• Warm Water: The volcano heats the water. Near active vents, the water can reach up to 35ºC. Make sure to wear an appropriate suit to avoid feeling like a boiled lobster.
  • Surprise Changes: Volcanic activity can quickly alter visibility and water temperature. One moment you’re in crystal-clear water, and the next you’re in a hot soup.
  • Moving Things: Volcanic formations can be somewhat fragile.
  • Gassy Waters: Occasionally, the volcano releases gases that can affect visibility and breathing.

Given these conditions, prioritizing safety is crucial when diving in volcanic areas.

Safety Precautions

  • Knowledgeable Guide: Don’t go on an adventure alone. Find an expert guide in volcanic diving.
  • Protective Gear: Don’t forget an appropriate suit for the warm water and protection to avoid scraping against volcanic rocks.
  • Stay Informed: Keep up with volcanic activity and heed local warnings.

5. Skills for Mastering Volcanic Diving

  • Buoyancy Control: Buoyancy is key to navigating volcanic formations with ease.
  • Drift Diving: In areas with strong currents, like volcanic islands, drift diving will be your best friend. Let the current carry you and enjoy the scenery!
  • Cave Diving Skills: If you want to explore lava tubes and caverns, your cave diving knowledge will be handy.
  • Underwater Navigation: Learn special techniques to orient yourself in this new volcanic environment.
  • Underwater Emergency Preparedness: Always be prepared for the unexpected and know how to react in any situation.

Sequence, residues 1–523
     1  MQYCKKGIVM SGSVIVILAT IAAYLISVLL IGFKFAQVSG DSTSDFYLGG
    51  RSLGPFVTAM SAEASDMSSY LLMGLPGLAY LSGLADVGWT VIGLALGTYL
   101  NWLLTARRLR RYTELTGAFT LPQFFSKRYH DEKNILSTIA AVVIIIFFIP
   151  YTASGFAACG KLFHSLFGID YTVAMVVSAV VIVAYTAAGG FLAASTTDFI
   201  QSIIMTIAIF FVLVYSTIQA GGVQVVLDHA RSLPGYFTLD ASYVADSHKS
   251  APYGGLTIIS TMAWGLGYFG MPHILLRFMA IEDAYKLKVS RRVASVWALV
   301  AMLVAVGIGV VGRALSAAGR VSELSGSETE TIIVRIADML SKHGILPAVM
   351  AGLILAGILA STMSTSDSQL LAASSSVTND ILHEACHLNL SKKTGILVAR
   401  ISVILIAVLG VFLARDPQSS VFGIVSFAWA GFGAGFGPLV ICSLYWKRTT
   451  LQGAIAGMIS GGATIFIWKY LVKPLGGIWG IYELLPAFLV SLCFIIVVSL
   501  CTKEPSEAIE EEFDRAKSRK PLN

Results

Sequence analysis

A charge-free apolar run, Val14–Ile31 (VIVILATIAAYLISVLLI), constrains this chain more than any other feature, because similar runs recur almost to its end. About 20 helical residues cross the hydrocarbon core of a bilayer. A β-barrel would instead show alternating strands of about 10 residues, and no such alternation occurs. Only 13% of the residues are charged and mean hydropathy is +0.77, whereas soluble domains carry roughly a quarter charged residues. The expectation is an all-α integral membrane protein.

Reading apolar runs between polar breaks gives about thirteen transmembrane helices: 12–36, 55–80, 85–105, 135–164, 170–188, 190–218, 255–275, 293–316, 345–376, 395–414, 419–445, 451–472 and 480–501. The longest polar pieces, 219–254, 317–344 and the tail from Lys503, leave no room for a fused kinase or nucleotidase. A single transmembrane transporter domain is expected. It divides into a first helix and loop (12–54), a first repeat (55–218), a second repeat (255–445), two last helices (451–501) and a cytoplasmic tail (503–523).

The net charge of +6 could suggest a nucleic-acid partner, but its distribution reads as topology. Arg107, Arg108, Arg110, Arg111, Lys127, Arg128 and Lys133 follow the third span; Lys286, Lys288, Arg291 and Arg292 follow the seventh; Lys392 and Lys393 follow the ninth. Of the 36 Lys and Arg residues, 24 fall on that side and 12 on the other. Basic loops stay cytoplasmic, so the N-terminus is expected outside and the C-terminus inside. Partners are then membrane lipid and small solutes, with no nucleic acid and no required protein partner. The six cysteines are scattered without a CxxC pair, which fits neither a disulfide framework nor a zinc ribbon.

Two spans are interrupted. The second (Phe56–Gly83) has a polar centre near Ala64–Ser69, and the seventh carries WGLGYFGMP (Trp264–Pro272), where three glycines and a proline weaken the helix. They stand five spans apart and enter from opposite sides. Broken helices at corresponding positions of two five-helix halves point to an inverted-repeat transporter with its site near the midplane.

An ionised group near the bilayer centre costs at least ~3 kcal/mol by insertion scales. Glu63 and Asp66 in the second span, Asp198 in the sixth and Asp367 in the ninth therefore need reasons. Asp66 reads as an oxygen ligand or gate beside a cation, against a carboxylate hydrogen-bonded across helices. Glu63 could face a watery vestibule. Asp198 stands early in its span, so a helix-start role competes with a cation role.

Bonus Track: Volcanic Photography

Many divers take the opportunity to capture the unique beauty of volcanic formations and the marine life that inhabits them. Remember, good buoyancy control is essential for taking award-winning photos.


6. 5 Volcanic Diving Destinations

Warm waters, otherworldly landscapes, and the thrill of being close to the power of nature. Sounds good, right? Here are 5 volcanic diving destinations worth visiting.

Sangihe Islands, Indonesia Here, you can dive next to an active underwater volcano or explore the base of another and admire old lava flows on an extinct volcano. The best part? The marine life is incredibly diverse: colorful fish, spectacular corals, and even surprises like sharks.

El Hierro, Canary Islands, Spain Volcanic diving in El Hierro offers an underwater lava tongue with plenty of terrain to explore. There’s also a sharp mountain zone that will leave you speechless. But what will really blow your mind is the marine fauna: turtles, tuna, rays of all kinds, and even dolphins and whale sharks if you’re lucky! All thanks to the 2011 eruption, which regenerated the seabed creating a unique underwater spectacle.

Crater, Molokini Maui, Hawaii Molokini is a partially submerged volcano forming a crescent-shaped island, perfect for divers of all levels! If you’re experienced, you can dive into the crater and marvel at the scenery. Beginners, don’t worry, there are shallower areas with little current to practice your buoyancy. The best part is you’ll be accompanied by beautiful tropical fish: from bluefin jacks to butterflyfish and fire gobies.

Santorini, Greece Santorini is synonymous with luxury, and its underwater world is no different. Here, you’ll find the world’s largest volcanic caldera and can dive onto its volcanic reef. Of course, there are plenty of marine animals to discover. Get ready for a VIP diving trip with expert instructors and exclusive boats.

La Palma, Canary Islands, Spain La Palma is another volcanic island. Diving here, you’ll encounter numerous basalt columns and lava formations that look straight out of a sci-fi movie. The marine life here is also very diverse, so get ready to see creatures of all shapes and colors. The best part is there are areas perfect for beginners wanting to try diving for the first time, and deeper areas with breathtaking panoramas for more experienced divers.

Now you know how and where to practice volcano diving. Does the idea entice you? Share it with us on Facebook.